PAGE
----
A prequel to the Seraph of the End series, Seraph of the End: Guren Ichinose: Catastrophe at Sixteen follows the Lieutenant Colonel when he was 16, before the events of the Catastrophe.
Guren is part of the Ichinose clan, a branch family that turned against the much more powerful magical clan, the Hiragis, hundreds of years ago. However, their inferior status forces them to comply with the Hiragis’ wishes, one of which is to make Guren attend their self-run high school for training magic users. Guren, as the heir to the Ichinose clan, is aware of his uniquely uncomfortable position: he needs to get through high school without catching the attention of the Hiragis. Unfortunately for him, hiding his true power may be more difficult than he realizes as numerous forces begin to shift the status quo in Japan’s underground magical community.
Who Is It For?
Fans of the Seraph of the End series or magical high school genre regulars will find appeal in this prequel series.
How Was It?
Seraph if the End: Guren Ichinose: Catastrophe at Sixteen follows the story of Lieutenant Colonel Guren from the Seraph of the End manga series. I was pleasantly surprised when Vertical, Inc. licensed the books, as Seraph of the End’s manga really lacks in major development for some of the more senior members of the Moon Demon Company. Their backstories and characters are developed much further in this series, which explores the lead up to the Catastrophe through the lens of the then 16 year old Guren Ichinose.
Ichinose: Catastrophe is billed as a magical high school light novel series, and in these first two volumes it is definitely what it says it is. As a member of the Ichinose family, Guren is forced to attend the rival (and much more powerful) Hiragi family’s high school, where he is constantly bullied due to his family’s position. What struck me as interesting about this (and what was ultimately the strongest point of the book in my opinion) was the dynamic of the relationship between the Hiragi, Ichinose, and other subordinate clans on either side. In order to avoid unwanted attention, Guren naturally attempts to act weaker than he actually is, a common underdog kind of trope that appears quite often in magical high school series. However, the book doesn’t try to mince words with the reader: Guren is definitely faking his weakness, and the readers are in on the secret along with Guren’s allies.
That’s not to say that Guren is even close to the level of members of the Hiragi family, and this discrepancy in ability is what creates the Guren’s inner conflict: the desire to gain more power and overcome his family’s inferior position to the Hiragi. At the same time, the danger of aggressively pursuing such power is made apparent through Guren’s childhood love, Mahiru Hiragi. The classic protagonist power climb is made slightly darker by the immediate indication that pursuing such abnormal power has inevitable consequences. I wouldn’t say that this concept bucks similarly styled trends in other series, but the early nuanced look at the consequences of such power was much appreciated and will hopefully pay off in the long run.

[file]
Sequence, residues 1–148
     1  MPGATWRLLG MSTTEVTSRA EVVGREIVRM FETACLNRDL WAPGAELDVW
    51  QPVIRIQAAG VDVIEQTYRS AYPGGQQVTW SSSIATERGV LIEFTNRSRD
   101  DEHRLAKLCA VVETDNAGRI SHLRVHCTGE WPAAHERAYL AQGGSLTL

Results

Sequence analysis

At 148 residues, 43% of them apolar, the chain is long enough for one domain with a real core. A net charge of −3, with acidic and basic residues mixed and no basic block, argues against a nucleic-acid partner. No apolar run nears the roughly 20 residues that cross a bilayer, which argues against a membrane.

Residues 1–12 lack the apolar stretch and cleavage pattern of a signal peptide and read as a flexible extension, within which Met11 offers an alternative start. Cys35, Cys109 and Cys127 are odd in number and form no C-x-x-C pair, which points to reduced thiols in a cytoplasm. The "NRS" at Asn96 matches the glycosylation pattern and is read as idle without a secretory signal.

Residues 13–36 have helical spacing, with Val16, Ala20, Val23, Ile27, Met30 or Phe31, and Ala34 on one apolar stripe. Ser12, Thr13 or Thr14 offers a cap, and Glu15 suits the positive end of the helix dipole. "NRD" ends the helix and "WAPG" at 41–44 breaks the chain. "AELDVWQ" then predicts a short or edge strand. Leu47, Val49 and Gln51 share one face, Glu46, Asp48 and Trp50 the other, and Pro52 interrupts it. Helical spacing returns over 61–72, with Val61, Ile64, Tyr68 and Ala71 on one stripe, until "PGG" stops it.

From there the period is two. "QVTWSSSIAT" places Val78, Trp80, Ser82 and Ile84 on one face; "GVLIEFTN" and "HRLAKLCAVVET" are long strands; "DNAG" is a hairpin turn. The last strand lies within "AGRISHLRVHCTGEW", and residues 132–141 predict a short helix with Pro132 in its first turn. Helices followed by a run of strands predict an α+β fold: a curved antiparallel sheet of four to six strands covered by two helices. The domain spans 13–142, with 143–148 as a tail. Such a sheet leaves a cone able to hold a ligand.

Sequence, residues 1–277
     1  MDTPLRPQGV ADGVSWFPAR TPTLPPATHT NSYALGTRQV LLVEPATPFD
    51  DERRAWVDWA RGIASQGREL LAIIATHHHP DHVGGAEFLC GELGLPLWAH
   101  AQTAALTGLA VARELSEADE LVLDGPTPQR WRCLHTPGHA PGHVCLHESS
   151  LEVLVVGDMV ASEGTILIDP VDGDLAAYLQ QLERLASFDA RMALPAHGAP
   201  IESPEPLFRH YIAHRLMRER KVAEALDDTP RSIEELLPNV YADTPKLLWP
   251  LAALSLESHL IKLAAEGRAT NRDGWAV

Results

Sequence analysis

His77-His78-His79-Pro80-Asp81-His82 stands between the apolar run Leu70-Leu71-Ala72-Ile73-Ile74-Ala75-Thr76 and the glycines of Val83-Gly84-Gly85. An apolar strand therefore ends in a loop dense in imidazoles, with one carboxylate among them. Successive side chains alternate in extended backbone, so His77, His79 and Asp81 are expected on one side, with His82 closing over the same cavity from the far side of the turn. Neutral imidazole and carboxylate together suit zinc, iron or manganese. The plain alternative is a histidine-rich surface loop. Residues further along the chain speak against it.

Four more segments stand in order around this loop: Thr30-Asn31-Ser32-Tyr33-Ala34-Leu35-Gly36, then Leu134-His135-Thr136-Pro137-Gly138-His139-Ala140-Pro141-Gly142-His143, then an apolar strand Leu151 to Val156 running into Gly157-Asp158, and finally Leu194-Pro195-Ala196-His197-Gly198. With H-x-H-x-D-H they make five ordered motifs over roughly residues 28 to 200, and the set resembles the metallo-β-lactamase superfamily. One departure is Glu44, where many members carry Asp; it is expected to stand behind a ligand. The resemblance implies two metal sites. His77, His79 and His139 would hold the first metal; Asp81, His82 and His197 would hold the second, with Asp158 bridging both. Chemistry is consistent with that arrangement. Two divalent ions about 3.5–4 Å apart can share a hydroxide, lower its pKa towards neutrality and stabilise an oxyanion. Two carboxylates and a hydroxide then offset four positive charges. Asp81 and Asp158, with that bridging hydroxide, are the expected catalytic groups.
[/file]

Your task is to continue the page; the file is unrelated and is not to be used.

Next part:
As I mentioned before, Ichinose: Catastrophe explores the backgrounds of many characters in the main story. However, the actual characters themselves at this point in this story are for the most part fairly one-dimensional. The overarching plot has a relatively interesting take on the magical high school genre, but the characters it uses are still fairly generic at this point in the story. For example, some of the other classmates. Mito Jujou is a hot-headed tsundere. Norito Goshi is the classic slightly perverted and overly friendly male friend. Additionally, I felt slightly uncomfortable around Guren and his servant Sayuri’s relationship in that her devotion to him goes a bit far and leans on the creepy side without much other development for her otherwise. That’s not to say there is room for improvement in the cast, but the story doesn’t seem to give off vibes that it is particularly interested in exploring beyond Guren and members of the Hiragi family proper.
It’s important to note the Ichinose: Catastrophe is billed both as a prequel series to the Seraph of the End manga and as a standalone series. In my opinion, it manages to pull off being both fairly well. For fans of the flagship series, there are plenty of hints towards the future and brief appearances of characters from the main story. For newcomers, there is a story that doesn’t have any prerequisite knowledge needed for enjoyment. For both sides, there’s a slight sense of doom in that the book makes it clear from the beginning that “The Catastrophe” is an inevitable event that will happen regardless of the outcome of the story. Rather than lowering the stakes, knowing of this inevitability instead heightens the state of tension.
I wouldn’t call Seraph if the End: Guren Ichinose: Catastrophe at Sixteen some kind of crazy genre deviant, but it manages to be a fairly entertaining take on a magical high school, featuring secret magic societal power struggles an incoming post-apocalyptic future. If that sounds interesting to you or you’re a fan of the anime/manga of the main series, then definitely give the book a shot. However, if you’re more concerned about characterizations and interplay between cast members, then maybe hold off for the time being. At the very least, Vertical’s packaging of two volumes into one book makes for a pretty good bang for your buck.
Seraph of the End: Guren Ichinose: Catastrophe at Sixteen was written by Takaya Kagami and translated into English by James Balzer. The first book, consisting of Japanese volumes 1 and 2, was released by Vertical, Inc. on January 26th, 2016. The series is a prequel to the Seraph of the End manga, which spawned two anime seasons that were produced by Wit Studio and aired in 2015.
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